People, mainly men are gathering on the street corner.
One is clearly very senior. I can tell from the way he’s bossing everyone around and then he turns to me. Instructions spew forth.
For a moment I forget I’m in India. I ask who he is. He refuses to tell me. Name? ID? He orders me into my house.
I slowly begin to recall I’m in a land where civil servant doesn’t mean civil and doesn’t involve service. It symbolises I’m above you, do as I tell you and don’t question.
The reason for all this?
Our neighbour has tested positive for the virus so our street is now closed off, clamped down and we’ve been tested.
I understand the situation and will comply with the restrictions because it’s for our common good but why do we have to tolerate this sort of attitude?
I need to know my place. Coming from northern working class England where we don’t do deference isn’t easy and is no preparation for this.
I could say it’s this sort of attitude —, (I’ve saved you the tedious details), the hierarchy, do as your told, no questions asked — that helps lead to authoritarianism. But then I look in western countries. I include the US and UK where we’re brought up to challenge and officials can be quite a lot nicer but still we have to tolerate tin-pot dictators.
Art work from every place in India is throughout the house. They can sort of understand that, but it’s not practical or functional.
Why save the wooden wheels, the cart sides, painted chairs?
I remember as a child, the horse drawn wagons, workshops repairing wheels and tailors in every town. They’ve all gone now.
We still have them here but they’ll go. In the eight years of mycycle tours the number of wooden ox carts being made at the workshop we visit has decreased by over eighty percent.
Hopefully some will recognise what is happening and work to preserve the heritage…, fab city, life affirming trees, characterful market, .. beautiful colourful women, skilled artisans there so much wonderfulness. , Otherwise in future years the neighbours will remember the crazy foreigner and realise he was right and understand what they’ve lost.
My good friend Faizan introduced me to the Mysore Storytelling Network. A lovely group of people working to promote storytelling. I’ve joined a couple of their meetings to help where I can in creating the foundation. Here’s our last agenda.
I’ll try develop a reading and storytelling project as an example of MAnjula giving.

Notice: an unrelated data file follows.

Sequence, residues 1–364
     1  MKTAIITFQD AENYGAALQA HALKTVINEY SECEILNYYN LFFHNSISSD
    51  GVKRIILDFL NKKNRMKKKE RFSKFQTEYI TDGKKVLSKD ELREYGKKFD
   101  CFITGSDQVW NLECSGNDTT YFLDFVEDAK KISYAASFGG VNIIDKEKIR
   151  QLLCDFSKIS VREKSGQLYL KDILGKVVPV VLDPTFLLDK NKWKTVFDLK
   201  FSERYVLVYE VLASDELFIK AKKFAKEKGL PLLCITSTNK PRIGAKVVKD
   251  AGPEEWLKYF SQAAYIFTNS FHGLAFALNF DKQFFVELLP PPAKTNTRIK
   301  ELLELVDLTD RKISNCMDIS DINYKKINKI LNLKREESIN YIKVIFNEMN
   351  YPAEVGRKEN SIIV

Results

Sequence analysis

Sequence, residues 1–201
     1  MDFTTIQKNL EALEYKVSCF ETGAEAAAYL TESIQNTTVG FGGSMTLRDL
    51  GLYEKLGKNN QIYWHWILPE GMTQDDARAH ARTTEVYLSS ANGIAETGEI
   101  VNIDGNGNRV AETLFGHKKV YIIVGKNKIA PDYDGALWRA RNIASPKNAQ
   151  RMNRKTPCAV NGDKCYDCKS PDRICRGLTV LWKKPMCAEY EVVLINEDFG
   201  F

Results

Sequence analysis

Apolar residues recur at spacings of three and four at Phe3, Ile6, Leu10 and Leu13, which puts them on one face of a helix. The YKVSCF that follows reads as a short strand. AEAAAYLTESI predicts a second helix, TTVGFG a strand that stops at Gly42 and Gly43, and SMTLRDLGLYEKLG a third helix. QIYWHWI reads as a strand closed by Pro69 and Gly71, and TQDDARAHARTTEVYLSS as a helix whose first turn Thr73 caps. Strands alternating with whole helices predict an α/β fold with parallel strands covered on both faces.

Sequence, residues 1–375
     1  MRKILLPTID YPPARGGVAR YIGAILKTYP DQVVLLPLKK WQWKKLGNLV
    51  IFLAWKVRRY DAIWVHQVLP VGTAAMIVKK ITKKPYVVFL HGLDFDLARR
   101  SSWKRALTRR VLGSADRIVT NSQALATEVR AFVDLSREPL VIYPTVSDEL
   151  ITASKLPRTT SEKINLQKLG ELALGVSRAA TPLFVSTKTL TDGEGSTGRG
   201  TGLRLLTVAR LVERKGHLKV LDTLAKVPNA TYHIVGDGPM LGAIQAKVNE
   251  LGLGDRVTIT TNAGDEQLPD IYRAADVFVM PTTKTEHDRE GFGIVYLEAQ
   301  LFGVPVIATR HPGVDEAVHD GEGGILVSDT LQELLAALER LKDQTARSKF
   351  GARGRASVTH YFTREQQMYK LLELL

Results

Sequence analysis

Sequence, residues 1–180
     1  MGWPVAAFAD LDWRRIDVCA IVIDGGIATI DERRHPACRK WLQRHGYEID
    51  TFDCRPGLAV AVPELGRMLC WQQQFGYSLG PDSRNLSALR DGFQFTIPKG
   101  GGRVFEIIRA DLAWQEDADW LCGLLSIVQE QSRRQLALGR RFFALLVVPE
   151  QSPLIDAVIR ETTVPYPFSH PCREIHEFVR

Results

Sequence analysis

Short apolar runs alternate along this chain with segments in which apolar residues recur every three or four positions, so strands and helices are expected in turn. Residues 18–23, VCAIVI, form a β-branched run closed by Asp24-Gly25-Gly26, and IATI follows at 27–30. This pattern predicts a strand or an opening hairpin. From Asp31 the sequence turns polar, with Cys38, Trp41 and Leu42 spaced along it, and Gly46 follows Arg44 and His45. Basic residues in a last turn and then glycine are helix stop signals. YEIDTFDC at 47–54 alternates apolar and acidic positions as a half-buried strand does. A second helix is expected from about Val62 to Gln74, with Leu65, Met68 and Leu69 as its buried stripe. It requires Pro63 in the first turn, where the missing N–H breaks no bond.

Here’s why the New Yorker think this is important:
“Storytelling is the oldest form of entertainment there is. From campfires and pictograms—the Lascaux cave paintings may be as much as twenty thousand years old— to tribal songs and epic ballads passed down from generation to generation, it is one of the most fundamental ways humans have of making sense of the world. No matter how much storytelling formats change, storytelling itself never gets old.
Stories bring us together. We can talk about them and bond over them. They are shared knowledge, shared legend, and shared history; often, they shape our shared future. Stories are so natural that we don’t notice how much they permeate our lives. And stories are on our side: they are meant to delight us, not deceive us—an ever-present form of entertainment.”
Meet Jean-Yves and Nathalie from Paris came to share our home, meet Manjula, me and Lucie. It was our first season after Manjula in her strong independent way slipped through my clumsy fingers but we all felt her presence.
Jean-Yves is a nurse and works in an ‘addictology’ department in a hospital. Previously a psychiatric nurse, he likes and is very committed to his job. He always raises questions about society, inequalities and he is waiting for the Grand Soir for more social justice.
Nathalie, is passionate about human relations, also has a strong conscience and ethics who is responsible for social action for the archaeologists department. She likes to participates in and creates actions for the climate and social justice.
They live in a small apartment in the XIVth district of Paris, in a charming little cobbled street. They like to walk together for hours in Paris and enjoy travelling to countries like India. Together they are looking to broaden their insights and gain a more accurate view of the world.
It was fun and a real pleasure getting to know Jean-Yves and Nathalie while welcoming them to our home. They are an interesting, thoughtful and caring couple. We had a great adventure together on a mycycle tour but I’ll let them tell you themselves about their visit through their wonderful online presence. There are two entries here: